Finding a VOICE for UK clinical pharmacology
Version of Record online: 8 MAY 2012
© 2012 The Author. British Journal of Clinical Pharmacology © 2012 The British Pharmacological Society
British Journal of Clinical Pharmacology
Special Issue: Agenda for Clinical Pharmacology Issue
Volume 73, Issue 6, pages 843–845, June 2012
How to Cite
Aronson, J. K. (2012), Finding a VOICE for UK clinical pharmacology. British Journal of Clinical Pharmacology, 73: 843–845. doi: 10.1111/j.1365-2125.2012.04233.x
- Issue online: 8 MAY 2012
- Version of Record online: 8 MAY 2012
- Accepted manuscript online: 23 FEB 2012 04:55AM EST
- RECEIVED; 12 January 2012; ACCEPTED; 30 January 2012; ACCEPTED ARTICLE PUBLISHED ONLINE; 23 February 2012
At a James Black Conference held in Oxford on 20–22 June 2011, a group of senior clinical pharmacologists and their junior colleagues, other medical specialists, and pharmacists discussed an agenda for UK clinical pharmacology for the next 5 years, addressing the following broad questions. How should UK clinical pharmacology be further developed and delivered as a discipline in universities, the NHS, pharmaceutical companies, and regulatory authorities? How should teaching and training in UK clinical pharmacology and therapeutics be delivered and assessed? What topics should be priorities for research in UK academic clinical pharmacology? How should clinical pharmacology contribute to UK drugs policy? How should pharmacology and clinical pharmacology be further integrated, to the benefit of both? Numerous recommendations emerged, under the collective acronym VOICE, standing for Visibility, Outreach, Integration, Coverage and Emissaries.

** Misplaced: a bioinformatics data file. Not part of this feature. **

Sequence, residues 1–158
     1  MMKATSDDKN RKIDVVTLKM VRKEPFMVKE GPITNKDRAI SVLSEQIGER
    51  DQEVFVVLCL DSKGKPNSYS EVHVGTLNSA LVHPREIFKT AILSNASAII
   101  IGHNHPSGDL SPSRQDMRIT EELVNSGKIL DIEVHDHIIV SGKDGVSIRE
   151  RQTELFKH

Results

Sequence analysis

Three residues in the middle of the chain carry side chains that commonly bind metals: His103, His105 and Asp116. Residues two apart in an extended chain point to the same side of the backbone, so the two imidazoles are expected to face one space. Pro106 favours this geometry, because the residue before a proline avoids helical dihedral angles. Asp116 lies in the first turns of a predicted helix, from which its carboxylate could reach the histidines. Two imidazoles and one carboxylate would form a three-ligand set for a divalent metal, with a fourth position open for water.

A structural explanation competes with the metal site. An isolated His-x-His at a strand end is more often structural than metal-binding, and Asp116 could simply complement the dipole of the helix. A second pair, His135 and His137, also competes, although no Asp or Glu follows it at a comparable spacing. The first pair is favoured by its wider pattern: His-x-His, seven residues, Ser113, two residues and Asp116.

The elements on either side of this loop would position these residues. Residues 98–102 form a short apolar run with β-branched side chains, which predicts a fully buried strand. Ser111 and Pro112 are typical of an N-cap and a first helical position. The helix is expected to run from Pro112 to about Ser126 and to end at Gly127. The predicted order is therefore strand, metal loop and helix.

Visibility The visibility of the discipline needs to be increased. This could be done, for example, by increased activities in acute general medicine/toxicology, through activities of Medicines and Therapeutics Committees, participation in grand rounds, teaching and training, and monitoring therapeutic interventions, and by offering bolt-on training for other specialists (for example, short courses, MSc courses, and training programmes).
Outreach Methods of increasing outreach include roadshows in schools/medical schools, national special study modules, public education, press coverage, and social marketing.
Integration Closer collaborations with pharmacologists, clinical pharmacists, other prescribers, and pharmaceutical companies (e.g. through joint training programmes) are desirable.
Coverage Attention to neglected areas, such as general practice, paediatrics, obstetrics, geriatrics, anaesthetics, cancer, and immunology.
Emissaries Trainees to spread the word.